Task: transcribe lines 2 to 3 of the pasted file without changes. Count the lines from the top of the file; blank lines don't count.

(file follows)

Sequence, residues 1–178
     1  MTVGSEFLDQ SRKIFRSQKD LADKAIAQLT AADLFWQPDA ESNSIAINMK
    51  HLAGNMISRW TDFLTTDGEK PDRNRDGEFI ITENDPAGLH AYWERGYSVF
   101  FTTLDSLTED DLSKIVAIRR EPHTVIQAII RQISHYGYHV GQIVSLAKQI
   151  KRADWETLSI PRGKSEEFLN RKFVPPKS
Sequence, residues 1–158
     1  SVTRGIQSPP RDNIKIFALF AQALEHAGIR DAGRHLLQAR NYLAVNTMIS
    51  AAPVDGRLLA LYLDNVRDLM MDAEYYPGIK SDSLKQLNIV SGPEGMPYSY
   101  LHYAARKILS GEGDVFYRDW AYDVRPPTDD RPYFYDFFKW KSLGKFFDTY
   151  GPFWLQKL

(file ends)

     1  MTVGSEFLDQ SRKIFRSQKD LADKAIAQLT AADLFWQPDA ESNSIAINMK
    51  HLAGNMISRW TDFLTTDGEK PDRNRDGEFI ITENDPAGLH AYWERGYSVF